Romans 12:2 reads, “Do not be conformed to this age, but be transformed by the renewing of your mind, so that you may discern what is the good, pleasing, and perfect will of God.”
Well, what is the current shape of “this age”?
We could think about it or talk about it - but wouldn’t writing down our own thoughts give us the most clarity and understanding?
The first impression that comes to mind may not be what I conclude after I do the work to write out my answer to the question.
For instance, I find that when I write, I’m forced to clarify what I think, how my thinking fits together, and what research or Scripture or experiences (etc) justify my perspective.
Sometimes writing changes my mind.
And by sharing our thinking with others - via writing - we open ourselves up to learning more. It can be an act of humility and vulnerability. “Here’s my best take - help me understand better.”
If the goal is to renew our minds, and writing enables us to think clearly… then can writing serve as a spiritual discipline?
“My heart is inditing a good matter: I speak of the things which I have made touching the king: my tongue is the pen of a ready writer.” (Psa.45:1, KJV)
In Charles Spurgeon’s Treasury of David, he had this for a commentary on Psa.45:1c about writing,
"My tongue is the pen of a ready writer, not so much for rapidity, for there the tongue always has the preference, but for exactness, elaboration, deliberation, and skilfulness of expression. Seldom are the excited utterances of the mouth equal in real weight and accuracy to the verba scripta of a thoughtful accomplished penman; but here the writer, though filled with enthusiasm, speaks as correctly as a practised writer; "
Personally to me, even to a higher degree than singing (or whistling gospel hymns and sacred music), writing down my thoughts is a practice directly related to my spiritual wellbeing. My regular writing habit is to journal my personal devotions. And the richness of what I would write is almost reflective of my spiritual depth.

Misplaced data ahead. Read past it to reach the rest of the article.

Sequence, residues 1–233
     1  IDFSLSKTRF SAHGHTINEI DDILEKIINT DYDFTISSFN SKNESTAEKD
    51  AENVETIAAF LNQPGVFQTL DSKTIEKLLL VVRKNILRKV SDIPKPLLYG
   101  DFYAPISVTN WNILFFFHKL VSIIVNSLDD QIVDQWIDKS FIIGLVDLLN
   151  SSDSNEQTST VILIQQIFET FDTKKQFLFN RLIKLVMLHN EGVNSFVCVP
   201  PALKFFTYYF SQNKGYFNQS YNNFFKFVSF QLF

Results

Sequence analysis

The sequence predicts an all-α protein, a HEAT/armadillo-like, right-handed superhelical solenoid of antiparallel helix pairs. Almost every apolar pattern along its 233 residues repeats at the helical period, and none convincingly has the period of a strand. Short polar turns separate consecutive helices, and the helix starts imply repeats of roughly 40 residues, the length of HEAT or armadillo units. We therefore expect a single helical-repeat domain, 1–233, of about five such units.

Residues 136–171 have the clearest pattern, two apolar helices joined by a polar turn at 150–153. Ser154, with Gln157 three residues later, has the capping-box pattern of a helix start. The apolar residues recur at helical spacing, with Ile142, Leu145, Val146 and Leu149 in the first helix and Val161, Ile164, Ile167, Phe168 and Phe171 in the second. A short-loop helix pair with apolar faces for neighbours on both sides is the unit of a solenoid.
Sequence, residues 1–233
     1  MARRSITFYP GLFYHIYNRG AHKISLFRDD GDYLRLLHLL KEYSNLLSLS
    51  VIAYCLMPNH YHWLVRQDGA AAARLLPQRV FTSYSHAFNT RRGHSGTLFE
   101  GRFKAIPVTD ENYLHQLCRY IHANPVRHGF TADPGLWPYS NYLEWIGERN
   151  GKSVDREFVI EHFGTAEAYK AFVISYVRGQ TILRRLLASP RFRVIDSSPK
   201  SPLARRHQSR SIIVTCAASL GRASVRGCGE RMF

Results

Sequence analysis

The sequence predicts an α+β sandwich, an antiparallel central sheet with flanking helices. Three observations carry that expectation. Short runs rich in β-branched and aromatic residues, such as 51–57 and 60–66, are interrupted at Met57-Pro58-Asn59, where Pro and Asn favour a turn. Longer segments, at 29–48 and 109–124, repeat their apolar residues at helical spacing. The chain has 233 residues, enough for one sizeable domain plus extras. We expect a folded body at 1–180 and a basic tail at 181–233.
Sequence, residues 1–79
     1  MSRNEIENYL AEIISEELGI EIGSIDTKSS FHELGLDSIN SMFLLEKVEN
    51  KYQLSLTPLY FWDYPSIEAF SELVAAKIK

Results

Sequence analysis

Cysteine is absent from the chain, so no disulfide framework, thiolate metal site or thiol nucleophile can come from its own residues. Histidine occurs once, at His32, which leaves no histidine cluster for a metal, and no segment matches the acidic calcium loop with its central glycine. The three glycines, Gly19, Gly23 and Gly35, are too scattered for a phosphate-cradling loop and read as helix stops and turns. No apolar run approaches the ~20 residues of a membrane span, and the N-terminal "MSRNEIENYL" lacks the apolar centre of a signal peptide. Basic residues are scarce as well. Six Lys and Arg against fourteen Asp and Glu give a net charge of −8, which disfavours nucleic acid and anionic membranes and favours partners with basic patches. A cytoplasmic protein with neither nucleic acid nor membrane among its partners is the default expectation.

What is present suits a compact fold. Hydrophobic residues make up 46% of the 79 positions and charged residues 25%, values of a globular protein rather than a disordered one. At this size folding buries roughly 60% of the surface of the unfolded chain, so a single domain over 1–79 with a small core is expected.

And by writing, I mean manual writing, as typing seems to me to brings some gap between the flow of thought and the conscious tracing of keys.
Yes, writing can be a spiritual discipline. After all it is a mode of expression and synthesis of knowledge. I started deliberately writing down my thoughts and the things I learnt as a regular practice about 5 years ago. It started as a required exercise in a spiritual formation course - something I have continued to do since. I write down not only what I learn from scripture, but also short spontaneous prayers, quotations from books that have spoken to me, dreams and words from the Lord to me and so on. It is important to date what is written.
It is a useful practice because
- It clarifies my thinking (as you mentioned) because it forces me to delineate my thoughts and concepts. I also find that newer insights come as I write, rather than just when I think.
- It acts as a written record which I can always go back to - a treasure that I can dip into in dry times, in times of confusion and when I need to speak to someone.
Matthew 13:52 - And he said to them, “Therefore every scribe who has been trained for the kingdom of heaven is like a master of a house, who brings out of his treasure what is new and what is old.”
- Yes, like you mentioned, it also opens up avenues to share the material with others.